Explained | Will the Tatas be able to turn around Air India?

We have heard the usual criticism from trade unions and Left parties on the Air India sale. But do you fear that hiving off profitable PSUs will again attract a wider groundswell of Opposition criticism?

Arvind Mehta: There is the possibility that as and when profitable PSUs are sold, there will be stronger ideological battles and questions about why there is a need to sell the family silver, something which is giving good dividends, etc. It’s far more difficult to justify those kinds of sales; it would be easier to justify the loss-making sales.

Ashok Chawla: There will be the usual noises when profit-making enterprises are sold, but if the government clearly articulates its policy on what it wants to sell and what it wants to retain, I think the general consensus across the political spectrum would be that the public sector need not occupy the commanding heights of the economy. While people may object for the sake of objecting, as long as the process is run in a very transparent manner, I think there will not be too much objection.


Should some sectors like coal be a no-go area for divestment, even though the government has said it will retain bare minimum presence in strategic sectors? Should people be worried that one or two groups may get a lot of assets under their control as is happening, for instance, in airports and ports?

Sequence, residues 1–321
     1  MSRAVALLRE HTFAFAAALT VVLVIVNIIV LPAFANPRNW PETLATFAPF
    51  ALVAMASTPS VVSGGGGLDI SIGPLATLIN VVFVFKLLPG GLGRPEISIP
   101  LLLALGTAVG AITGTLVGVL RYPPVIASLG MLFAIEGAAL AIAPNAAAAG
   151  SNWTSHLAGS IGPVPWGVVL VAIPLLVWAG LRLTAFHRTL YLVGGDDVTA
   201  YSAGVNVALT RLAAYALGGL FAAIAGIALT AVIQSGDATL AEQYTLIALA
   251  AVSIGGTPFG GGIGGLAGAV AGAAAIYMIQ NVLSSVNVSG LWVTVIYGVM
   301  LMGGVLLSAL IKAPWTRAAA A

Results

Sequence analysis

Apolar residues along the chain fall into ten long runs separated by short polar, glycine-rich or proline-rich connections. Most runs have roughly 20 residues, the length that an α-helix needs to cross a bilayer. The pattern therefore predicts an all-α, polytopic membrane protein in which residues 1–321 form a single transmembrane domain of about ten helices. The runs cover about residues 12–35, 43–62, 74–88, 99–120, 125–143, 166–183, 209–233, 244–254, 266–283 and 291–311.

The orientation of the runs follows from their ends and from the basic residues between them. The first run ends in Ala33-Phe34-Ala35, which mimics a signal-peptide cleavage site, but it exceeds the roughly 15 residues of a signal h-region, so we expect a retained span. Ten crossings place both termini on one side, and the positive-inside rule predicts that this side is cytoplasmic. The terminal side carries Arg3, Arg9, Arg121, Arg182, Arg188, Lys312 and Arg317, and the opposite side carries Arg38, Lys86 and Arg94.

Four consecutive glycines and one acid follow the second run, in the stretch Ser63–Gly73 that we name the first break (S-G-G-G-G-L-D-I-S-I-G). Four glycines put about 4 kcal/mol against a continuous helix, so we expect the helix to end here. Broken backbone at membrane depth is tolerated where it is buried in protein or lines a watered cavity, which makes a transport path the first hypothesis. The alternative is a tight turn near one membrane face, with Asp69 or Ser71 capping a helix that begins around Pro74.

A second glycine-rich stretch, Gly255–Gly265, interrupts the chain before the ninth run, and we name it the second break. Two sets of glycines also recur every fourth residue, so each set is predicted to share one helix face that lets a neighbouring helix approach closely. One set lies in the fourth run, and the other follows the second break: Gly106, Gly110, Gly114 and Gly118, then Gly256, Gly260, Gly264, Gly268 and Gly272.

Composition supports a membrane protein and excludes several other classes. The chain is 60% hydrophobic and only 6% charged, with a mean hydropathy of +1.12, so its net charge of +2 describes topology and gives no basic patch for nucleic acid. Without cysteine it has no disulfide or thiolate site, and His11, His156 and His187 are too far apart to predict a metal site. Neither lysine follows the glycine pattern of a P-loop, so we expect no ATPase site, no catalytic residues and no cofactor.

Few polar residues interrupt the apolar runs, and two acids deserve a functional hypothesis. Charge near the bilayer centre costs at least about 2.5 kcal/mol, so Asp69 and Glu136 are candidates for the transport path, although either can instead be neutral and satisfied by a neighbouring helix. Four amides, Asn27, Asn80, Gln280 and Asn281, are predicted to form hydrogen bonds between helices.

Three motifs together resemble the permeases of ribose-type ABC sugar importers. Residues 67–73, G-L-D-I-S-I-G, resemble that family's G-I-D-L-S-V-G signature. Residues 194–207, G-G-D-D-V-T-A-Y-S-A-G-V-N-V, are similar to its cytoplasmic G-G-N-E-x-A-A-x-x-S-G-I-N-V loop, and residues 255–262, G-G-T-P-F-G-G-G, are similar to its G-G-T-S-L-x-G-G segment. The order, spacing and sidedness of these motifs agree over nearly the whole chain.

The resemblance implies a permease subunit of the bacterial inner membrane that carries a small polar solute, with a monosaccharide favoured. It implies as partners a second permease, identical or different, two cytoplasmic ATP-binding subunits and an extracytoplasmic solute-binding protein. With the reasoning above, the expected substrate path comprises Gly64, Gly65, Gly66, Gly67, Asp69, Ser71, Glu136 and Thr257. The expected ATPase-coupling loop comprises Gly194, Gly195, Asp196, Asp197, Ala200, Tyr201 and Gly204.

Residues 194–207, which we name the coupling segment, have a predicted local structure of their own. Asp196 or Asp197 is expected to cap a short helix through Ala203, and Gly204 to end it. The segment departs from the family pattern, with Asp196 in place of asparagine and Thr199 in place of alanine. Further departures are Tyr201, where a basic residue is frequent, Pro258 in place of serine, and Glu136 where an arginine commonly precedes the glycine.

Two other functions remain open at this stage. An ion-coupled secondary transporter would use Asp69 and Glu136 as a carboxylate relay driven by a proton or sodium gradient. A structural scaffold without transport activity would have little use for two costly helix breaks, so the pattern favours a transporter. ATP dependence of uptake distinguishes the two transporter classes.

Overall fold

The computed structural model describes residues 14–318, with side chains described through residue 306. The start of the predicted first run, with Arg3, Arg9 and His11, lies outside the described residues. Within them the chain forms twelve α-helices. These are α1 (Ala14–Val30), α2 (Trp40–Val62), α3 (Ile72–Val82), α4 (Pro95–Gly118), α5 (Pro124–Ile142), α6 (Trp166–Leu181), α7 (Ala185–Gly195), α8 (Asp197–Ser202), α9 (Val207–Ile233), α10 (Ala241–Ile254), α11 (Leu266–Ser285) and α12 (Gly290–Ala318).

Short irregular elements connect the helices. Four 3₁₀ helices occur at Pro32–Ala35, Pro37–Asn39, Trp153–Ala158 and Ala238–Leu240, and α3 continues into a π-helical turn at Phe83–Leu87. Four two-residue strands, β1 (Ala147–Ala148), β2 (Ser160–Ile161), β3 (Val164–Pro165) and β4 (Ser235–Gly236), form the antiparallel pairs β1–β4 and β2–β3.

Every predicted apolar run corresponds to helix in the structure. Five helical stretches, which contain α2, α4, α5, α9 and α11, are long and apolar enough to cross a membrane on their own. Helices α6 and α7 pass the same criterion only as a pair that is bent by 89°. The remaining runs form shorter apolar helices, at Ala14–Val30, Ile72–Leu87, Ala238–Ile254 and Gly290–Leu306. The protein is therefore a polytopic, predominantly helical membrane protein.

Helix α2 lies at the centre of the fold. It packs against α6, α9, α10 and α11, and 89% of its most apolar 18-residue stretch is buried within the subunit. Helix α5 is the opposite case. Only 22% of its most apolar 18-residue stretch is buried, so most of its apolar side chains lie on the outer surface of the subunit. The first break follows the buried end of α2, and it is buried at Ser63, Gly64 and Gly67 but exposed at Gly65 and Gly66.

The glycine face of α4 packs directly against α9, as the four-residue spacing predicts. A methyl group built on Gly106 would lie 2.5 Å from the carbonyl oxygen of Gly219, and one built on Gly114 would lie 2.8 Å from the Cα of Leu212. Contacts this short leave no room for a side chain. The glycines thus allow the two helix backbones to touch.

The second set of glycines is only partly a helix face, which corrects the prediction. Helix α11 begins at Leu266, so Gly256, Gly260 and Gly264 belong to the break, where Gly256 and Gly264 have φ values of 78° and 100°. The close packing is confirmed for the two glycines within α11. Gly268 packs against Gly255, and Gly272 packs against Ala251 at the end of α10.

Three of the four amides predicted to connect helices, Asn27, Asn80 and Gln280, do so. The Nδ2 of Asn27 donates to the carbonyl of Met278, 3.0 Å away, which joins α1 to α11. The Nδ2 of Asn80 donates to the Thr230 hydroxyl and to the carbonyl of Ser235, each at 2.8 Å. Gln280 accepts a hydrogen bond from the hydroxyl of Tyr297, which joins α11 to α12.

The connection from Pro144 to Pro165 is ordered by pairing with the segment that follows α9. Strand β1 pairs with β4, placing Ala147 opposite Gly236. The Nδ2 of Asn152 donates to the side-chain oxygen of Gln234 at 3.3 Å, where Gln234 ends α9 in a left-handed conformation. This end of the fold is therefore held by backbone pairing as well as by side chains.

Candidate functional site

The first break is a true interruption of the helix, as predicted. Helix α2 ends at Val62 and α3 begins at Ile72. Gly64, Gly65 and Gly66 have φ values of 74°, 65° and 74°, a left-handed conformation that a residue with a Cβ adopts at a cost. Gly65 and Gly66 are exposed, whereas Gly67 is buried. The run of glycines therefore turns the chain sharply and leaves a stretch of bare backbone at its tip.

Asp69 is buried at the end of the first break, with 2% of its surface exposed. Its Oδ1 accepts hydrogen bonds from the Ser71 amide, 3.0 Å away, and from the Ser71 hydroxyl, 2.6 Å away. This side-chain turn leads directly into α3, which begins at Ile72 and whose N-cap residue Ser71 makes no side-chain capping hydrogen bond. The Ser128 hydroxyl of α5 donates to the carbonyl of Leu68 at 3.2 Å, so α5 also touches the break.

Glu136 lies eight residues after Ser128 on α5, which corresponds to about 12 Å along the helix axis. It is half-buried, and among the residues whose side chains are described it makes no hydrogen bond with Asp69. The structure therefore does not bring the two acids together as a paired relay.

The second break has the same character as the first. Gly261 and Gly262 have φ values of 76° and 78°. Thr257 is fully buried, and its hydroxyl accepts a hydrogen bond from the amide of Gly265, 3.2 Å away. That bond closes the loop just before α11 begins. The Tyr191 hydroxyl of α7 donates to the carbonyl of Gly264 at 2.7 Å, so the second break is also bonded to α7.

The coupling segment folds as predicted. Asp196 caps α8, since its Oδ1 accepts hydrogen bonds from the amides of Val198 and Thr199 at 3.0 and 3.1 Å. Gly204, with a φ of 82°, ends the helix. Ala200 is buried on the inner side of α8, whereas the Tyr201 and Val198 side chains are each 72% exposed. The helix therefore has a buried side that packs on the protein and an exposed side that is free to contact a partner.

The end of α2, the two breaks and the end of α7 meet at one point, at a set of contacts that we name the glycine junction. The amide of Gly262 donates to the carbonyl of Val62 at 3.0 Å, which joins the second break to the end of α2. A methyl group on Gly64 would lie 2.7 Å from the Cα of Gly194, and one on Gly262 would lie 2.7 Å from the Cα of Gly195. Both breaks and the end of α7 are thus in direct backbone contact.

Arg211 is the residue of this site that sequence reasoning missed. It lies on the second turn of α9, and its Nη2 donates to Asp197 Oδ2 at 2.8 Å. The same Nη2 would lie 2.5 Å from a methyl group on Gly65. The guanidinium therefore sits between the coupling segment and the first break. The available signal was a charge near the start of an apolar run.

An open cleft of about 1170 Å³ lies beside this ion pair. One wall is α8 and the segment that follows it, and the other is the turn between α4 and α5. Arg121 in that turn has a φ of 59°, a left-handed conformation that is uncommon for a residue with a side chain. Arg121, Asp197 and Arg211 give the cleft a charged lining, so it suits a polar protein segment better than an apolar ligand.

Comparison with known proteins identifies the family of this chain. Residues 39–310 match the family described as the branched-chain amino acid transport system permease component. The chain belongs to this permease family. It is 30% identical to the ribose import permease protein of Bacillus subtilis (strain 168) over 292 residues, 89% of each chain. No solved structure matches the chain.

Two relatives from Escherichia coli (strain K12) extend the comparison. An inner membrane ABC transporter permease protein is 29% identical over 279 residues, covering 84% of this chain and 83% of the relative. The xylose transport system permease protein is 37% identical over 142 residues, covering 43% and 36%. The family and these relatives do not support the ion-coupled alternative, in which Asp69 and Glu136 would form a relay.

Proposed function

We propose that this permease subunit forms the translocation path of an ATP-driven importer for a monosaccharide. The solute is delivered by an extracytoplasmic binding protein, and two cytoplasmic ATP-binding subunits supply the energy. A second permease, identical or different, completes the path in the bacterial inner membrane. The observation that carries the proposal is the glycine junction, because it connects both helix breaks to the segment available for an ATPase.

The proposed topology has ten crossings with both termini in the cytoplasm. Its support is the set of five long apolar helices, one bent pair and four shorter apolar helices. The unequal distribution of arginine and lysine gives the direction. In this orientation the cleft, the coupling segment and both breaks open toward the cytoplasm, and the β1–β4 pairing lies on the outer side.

Arvind Mehta: The previous Finance Minister, Arun Jaitley, made a famous comment about the Air India sale. He had said that if you wait too long, there will be no airline left to sell. But yes, there is a role for certain kinds of countervailing mechanisms in a calibrated fashion… We shouldn’t do any fire sales and there has to be a watch on the market appetite. We don't want those kinds of sales which happened in certain countries where oligarchs came and just lapped up all the public sector assets and then became billionaires at the cost of the social good.


Of the 17 PSUs that were privatised, not a single sale was undertaken where the Cabinet Minister was in charge of a PSU with operations in their home State, as per a study. Do you expect such tendencies to crop up this time round?

Ashok Chawla: I guess that’s been the case in all the major economic moves to some extent. But 2021 is very different from 20-30 years ago. It’s not much of a problem now because the political resolve is strong. The whole process will get further energised if it isn’t perceived as something the government wants to do because it doesn’t have money. The perception is that the government is pressed to the wall; that it is trying to push privatisation and monetisation because ‘ paisa nahi hai (there is no money)’ and it needs money for welfare programmes. With DIPAM under the Finance Ministry, unlike earlier when disinvestment was a separate ministry, it sends a signal about balancing the books. There should be a separate ministry or commission which reports directly to the Prime Minister’s Office. That will make things far simpler for the mechanics of implementing disinvestment plans, and minor political issues of whether a particular minister is happy or unhappy will not really come to the surface. The focus should now be totally on efficiency, productivity increases, not the fiscal focus on balancing the books.